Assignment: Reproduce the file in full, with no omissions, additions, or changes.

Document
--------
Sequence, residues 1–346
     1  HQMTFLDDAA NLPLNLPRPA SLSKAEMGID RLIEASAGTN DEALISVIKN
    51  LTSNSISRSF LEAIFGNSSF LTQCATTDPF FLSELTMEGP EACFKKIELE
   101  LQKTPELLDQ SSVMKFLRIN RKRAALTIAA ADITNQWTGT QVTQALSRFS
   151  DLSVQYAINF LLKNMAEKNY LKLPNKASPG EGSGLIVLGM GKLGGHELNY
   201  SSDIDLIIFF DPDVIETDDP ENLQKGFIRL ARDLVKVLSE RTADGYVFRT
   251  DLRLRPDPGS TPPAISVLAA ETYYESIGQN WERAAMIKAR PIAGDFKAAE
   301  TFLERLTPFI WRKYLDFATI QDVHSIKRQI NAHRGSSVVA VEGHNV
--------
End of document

Sequence, residues 1–346
     1  HQMTFLDDAA NLPLNLPRPA SLSKAEMGID RLIEASAGTN DEALISVIKN
    51  LTSNSISRSF LEAIFGNSSF LTQCATTDPF FLSELTMEGP EACFKKIELE
   101  LQKTPELLDQ SSVMKFLRIN RKRAALTIAA ADITNQWTGT QVTQALSRFS
   151  DLSVQYAINF LLKNMAEKNY LKLPNKASPG EGSGLIVLGM GKLGGHELNY
   201  SSDIDLIIFF DPDVIETDDP ENLQKGFIRL ARDLVKVLSE RTADGYVFRT
   251  DLRLRPDPGS TPPAISVLAA ETYYESIGQN WERAAMIKAR PIAGDFKAAE
   301  TFLERLTPFI WRKYLDFATI QDVHSIKRQI NAHRGSSVVA VEGHNV